Louis Lambert, then, exists primarily as the spokesman for Balzac’s reflections on spiritual matters and their intersection with the physical world. Yet Balzac undercuts his character by making him so thoroughly obsessed with the world of ideas that he is incapable of functioning in any practical way. The man of genius is also the victim of that genius; the thinker is ultimately unable to voice his thought; the spiritual man, by neglecting the physical world, is not equipped to survive in it. Like many protagonists of Romantic fiction, Louis is a seeker after something that does not exist, or, if it does exist, does so imperfectly. This fruitless quest is the burden of Balzac’s treatment of character and the viewpoint that Louis personifies: Genius is self-destructive.
Balzac’s irony extends to Pauline, who not only refuses to accept Louis’ madness but also believes that he is sane, and who herself is nearly mad. She believes that Louis is in direct communication with a spirit world and that he is the medium through which eternal truths are spoken. For all of her blindness, Pauline is one of Balzac’s great creations, a model for his other characters who exemplify a particular virtue. Her steadfast devotion to Louis and her self-sacrifice to care for him make her a remarkable antithesis to him. He has sacrificed himself for ideas and lives catatonically; she has devoted herself to him and can survive despite the burden she has undertaken.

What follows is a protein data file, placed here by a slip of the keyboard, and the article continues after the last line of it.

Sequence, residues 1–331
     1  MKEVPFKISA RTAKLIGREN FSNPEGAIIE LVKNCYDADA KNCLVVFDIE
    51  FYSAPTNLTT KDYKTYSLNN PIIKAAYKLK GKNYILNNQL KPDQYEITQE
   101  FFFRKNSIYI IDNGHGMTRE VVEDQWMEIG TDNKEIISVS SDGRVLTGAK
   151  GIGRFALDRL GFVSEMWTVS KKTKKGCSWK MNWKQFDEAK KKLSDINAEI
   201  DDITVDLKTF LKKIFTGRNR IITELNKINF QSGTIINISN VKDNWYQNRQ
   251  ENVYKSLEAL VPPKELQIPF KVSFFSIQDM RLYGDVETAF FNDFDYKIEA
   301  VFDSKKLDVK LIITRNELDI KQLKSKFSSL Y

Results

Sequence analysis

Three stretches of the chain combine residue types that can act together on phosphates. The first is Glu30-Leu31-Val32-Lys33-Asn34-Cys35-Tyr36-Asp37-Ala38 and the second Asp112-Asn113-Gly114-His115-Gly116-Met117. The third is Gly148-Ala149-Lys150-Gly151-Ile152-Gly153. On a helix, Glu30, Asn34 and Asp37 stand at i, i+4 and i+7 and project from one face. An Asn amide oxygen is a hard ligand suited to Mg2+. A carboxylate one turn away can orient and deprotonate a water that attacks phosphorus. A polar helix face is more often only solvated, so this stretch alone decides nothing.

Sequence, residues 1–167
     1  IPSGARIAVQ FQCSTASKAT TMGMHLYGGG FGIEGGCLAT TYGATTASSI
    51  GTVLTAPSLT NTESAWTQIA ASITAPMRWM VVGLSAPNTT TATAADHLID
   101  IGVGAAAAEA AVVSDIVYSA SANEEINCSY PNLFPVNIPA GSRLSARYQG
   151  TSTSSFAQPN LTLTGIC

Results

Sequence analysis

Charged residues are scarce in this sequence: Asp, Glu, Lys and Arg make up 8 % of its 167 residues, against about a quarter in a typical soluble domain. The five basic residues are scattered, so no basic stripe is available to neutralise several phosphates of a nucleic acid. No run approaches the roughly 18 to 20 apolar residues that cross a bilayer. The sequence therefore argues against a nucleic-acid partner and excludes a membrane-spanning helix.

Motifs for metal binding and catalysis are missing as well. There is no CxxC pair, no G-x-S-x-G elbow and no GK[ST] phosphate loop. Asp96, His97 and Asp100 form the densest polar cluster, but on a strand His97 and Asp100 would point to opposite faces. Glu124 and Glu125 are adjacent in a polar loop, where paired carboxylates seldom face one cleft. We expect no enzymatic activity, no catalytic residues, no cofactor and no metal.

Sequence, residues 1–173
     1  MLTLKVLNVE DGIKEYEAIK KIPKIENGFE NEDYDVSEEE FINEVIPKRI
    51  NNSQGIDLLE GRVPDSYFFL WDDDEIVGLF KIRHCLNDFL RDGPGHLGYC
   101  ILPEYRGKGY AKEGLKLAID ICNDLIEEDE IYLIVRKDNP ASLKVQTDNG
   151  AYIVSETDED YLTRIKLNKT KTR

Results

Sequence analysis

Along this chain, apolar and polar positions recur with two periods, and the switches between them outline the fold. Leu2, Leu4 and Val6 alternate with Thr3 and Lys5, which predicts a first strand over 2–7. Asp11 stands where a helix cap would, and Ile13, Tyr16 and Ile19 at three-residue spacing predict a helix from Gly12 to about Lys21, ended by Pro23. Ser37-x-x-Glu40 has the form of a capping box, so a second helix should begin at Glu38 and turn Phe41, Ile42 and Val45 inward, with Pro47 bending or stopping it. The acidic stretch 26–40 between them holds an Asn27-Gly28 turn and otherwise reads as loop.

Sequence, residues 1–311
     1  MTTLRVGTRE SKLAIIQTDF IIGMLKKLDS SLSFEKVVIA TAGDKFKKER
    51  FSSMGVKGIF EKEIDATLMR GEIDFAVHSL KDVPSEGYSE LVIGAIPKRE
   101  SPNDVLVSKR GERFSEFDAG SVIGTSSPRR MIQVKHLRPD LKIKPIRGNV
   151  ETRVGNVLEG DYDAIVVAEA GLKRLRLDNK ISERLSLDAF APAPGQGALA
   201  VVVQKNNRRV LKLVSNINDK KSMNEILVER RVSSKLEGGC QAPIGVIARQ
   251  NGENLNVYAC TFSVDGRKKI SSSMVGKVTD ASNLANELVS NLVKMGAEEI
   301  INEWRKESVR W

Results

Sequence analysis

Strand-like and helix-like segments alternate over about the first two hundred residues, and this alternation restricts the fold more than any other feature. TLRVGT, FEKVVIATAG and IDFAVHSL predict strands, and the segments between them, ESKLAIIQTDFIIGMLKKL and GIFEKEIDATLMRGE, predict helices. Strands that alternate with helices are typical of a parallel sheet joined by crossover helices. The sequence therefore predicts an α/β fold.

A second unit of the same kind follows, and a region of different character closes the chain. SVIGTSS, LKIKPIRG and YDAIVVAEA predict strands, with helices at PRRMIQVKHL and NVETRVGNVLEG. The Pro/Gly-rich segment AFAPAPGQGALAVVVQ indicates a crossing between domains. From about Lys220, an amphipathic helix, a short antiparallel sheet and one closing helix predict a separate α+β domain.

Each of the minor characters—Louis’ parents, his uncle, some schoolmates and masters—is drawn with such fidelity to detail and habit of speech, with such realistic rendering of situation, that, like the characters of most great writers, they have their own existence. While they enter and exit as needed to illustrate Louis’ conditions and reflections, each could, like the narrator, reenter at any time to give his or her account of this man of genius.
Last Updated on May 6, 2015, by eNotes Editorial. Word Count: 34
Besser, Gretchen. Balzac’s Concept of Genius, 1969.
Curtius, Ernst R. Balzac, 1933.
Evans, Henri. Louis Lambert et la philosophie de Balzac, 1951.
Le Yaouanc, Moise. Nosgraphie de l’Humanite balzacienne, 1959.
McCormick, Diana Festa. Honore de Balzac, 1979.